Alex Dean

The Things You Need to Know about 2019-nCov

Blog Post created by Alex Dean on Feb 28, 2020

Since December 2019, the newly discovered coronavirus (2019-nCov) has caused an outbreak of pneumonia in Wuhan, China, and caused great public concern. At present, the Chinese government has implemented a number of effective measures, including isolating Wuhan, a city of 11 million people, establishing special isolation hospitals, and extending national holidays, with the aim of effectively curbing the spread of new coronaviruses. So, this raises the question, how does the new coronavirus spread?

On January 30, 2020, a study published on The Lancet compared the gene sequences of 2019-nCoV strains, from nine patients in Wuhan, with virus banks. The authors found that 2019-nCoV has similar gene series (79% similarity) and structure to the human SARS virus. And like SARS-CoV, 2019-nCoV enters host cells through the cell receptor angiotensin-converting enzyme (ACE2).

On January 31, 2020, a study entitled “Digestive system is a potential pathway for 2019-nCov infection: single cell-based bioinformatics analysis of the transcriptome” was published in bioRxiv. The study has shown that ACE2 is highly expressed not only in lung AT2 cells, esophageal epithelium, and lamellar epithelial cells but also in absorptive epithelial cells in the ileum and colon. These findings suggest that the digestive system and respiratory tract may be potential pathways for 2019-nCov infection.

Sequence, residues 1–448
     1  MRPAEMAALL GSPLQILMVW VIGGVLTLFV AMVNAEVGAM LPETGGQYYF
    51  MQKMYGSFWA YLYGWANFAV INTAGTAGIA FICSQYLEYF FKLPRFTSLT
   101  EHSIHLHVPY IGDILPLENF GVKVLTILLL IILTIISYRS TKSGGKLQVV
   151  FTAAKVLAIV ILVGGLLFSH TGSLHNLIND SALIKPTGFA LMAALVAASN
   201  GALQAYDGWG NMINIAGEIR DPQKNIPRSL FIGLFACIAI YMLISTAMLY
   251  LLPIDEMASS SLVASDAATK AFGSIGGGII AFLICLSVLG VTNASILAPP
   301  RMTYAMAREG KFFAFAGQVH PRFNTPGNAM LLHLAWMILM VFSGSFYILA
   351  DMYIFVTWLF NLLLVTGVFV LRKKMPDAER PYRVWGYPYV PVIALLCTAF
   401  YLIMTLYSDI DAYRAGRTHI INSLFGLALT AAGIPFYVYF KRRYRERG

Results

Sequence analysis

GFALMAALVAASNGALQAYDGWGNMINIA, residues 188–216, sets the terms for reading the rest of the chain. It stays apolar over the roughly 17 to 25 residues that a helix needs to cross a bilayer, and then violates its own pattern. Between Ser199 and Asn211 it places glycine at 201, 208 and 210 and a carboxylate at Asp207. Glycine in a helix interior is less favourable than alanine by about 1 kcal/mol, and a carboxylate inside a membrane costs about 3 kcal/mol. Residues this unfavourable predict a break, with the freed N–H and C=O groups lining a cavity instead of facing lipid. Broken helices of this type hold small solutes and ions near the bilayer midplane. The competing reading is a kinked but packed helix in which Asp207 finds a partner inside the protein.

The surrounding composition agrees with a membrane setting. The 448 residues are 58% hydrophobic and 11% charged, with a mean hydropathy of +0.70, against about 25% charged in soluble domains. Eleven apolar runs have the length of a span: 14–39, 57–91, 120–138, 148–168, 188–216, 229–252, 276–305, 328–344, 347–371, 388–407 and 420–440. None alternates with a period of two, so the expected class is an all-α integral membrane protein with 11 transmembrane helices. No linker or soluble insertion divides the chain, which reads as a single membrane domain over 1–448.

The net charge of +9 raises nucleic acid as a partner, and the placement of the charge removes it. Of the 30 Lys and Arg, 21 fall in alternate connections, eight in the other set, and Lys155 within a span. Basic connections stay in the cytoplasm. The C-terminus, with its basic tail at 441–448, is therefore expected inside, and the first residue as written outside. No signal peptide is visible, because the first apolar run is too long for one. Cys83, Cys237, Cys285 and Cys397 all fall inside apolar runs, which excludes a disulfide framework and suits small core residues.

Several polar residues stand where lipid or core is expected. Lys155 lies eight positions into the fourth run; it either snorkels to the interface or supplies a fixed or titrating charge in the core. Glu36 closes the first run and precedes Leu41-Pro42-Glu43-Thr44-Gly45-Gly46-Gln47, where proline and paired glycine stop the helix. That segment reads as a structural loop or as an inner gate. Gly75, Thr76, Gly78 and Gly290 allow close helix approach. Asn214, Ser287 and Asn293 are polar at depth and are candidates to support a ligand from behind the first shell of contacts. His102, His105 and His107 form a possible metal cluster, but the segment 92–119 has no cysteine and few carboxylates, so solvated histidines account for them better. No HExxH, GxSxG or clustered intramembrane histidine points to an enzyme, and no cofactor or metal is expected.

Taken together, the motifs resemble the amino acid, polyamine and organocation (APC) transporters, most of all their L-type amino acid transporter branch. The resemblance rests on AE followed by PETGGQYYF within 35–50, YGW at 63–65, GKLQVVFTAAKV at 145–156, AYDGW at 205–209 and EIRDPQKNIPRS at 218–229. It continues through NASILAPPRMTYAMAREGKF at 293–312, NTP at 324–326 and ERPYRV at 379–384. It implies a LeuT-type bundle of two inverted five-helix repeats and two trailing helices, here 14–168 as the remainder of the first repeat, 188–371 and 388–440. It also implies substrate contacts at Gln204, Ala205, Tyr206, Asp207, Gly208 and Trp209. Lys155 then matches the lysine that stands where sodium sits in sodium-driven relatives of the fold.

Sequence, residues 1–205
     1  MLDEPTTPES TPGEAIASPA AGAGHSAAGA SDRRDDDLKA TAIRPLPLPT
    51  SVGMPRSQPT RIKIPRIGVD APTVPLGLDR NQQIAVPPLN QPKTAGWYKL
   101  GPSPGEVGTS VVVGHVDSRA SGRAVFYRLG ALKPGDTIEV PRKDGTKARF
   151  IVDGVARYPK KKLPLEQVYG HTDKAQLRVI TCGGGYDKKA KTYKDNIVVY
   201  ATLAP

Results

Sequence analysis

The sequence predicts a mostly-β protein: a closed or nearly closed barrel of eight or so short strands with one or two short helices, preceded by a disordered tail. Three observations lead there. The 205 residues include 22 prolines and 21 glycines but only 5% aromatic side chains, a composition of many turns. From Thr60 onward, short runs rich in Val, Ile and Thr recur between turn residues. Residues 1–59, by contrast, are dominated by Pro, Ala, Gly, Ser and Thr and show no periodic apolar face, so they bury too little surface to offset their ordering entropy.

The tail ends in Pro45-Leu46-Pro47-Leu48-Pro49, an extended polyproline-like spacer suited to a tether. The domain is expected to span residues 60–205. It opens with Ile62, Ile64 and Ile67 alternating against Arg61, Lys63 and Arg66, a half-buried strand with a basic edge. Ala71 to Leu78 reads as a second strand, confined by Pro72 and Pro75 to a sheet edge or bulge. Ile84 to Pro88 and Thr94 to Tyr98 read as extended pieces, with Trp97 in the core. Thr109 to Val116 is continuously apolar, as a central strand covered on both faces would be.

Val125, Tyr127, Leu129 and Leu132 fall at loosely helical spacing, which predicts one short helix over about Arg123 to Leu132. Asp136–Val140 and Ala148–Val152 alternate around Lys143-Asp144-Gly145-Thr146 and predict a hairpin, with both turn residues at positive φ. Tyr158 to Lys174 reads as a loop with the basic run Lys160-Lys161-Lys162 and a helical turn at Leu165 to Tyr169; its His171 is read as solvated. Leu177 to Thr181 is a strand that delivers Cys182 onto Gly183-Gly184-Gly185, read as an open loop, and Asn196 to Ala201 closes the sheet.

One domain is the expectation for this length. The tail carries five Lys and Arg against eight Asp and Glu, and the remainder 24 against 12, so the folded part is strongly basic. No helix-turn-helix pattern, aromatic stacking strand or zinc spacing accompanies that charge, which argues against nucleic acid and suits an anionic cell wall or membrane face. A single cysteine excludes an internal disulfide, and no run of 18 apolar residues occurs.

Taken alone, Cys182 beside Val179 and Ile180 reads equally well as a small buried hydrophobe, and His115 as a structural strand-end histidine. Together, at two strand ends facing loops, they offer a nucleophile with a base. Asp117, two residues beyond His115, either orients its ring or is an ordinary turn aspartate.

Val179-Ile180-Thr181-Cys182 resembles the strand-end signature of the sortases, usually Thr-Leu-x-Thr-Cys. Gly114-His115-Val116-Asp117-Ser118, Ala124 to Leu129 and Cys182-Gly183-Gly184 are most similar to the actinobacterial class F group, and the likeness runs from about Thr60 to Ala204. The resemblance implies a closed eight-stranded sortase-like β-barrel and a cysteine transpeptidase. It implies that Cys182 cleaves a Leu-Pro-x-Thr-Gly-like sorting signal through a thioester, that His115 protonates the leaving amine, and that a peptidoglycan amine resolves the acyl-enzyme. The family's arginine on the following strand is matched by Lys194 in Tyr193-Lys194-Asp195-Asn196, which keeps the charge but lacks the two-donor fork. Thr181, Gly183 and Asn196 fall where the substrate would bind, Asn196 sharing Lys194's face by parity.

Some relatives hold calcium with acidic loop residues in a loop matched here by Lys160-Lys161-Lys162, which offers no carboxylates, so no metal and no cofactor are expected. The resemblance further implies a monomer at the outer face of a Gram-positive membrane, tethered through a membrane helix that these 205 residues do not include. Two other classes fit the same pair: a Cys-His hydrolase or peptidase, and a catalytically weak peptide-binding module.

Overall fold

On February 1, a study in Shenzhen found that 2019-nCoV nucleic acid positive was detected in the stools of certain patients, suggesting that live viruses may be present in the stools, but further virus isolation studies are needed.

Source of infection

The source of infection seen so far is mainly pneumonia patients infected with 2019-nCoV.

Vulnerable populations

Generally susceptible. The elderly and those with underlying diseases are more ilerl after infection. 2019-nCoV can infect children and infants.

Deaths caused by 2019-nCoV?

From the clinical situation, most patients have a good prognosis, children with mild symptoms and a few patients are critically ill. Deaths are more common in older people and people with chronic underlying diseases.

How to prevent it?

First, we need not worry. We should take the same measures as common influenza: wear a mask, wash your hands frequently, and leave disinfectants at home for disinfection.


1. Hao Zhang. et al. The digestive system is a potential route of 2019-nCov infection: a bioinformatics analysis based on single-cell transcriptomes. bioRxiv. Posted online Jan. 31, 2020.

2. Roujian al. Genomic characterization and epidemiology of 2019 novel coronavirus: implications for virus origins and receptor binding. THE LANCET. Published: January 30.2020.

source page: The Things You Need to Know about 2019-nCov – BOC Sciences Blog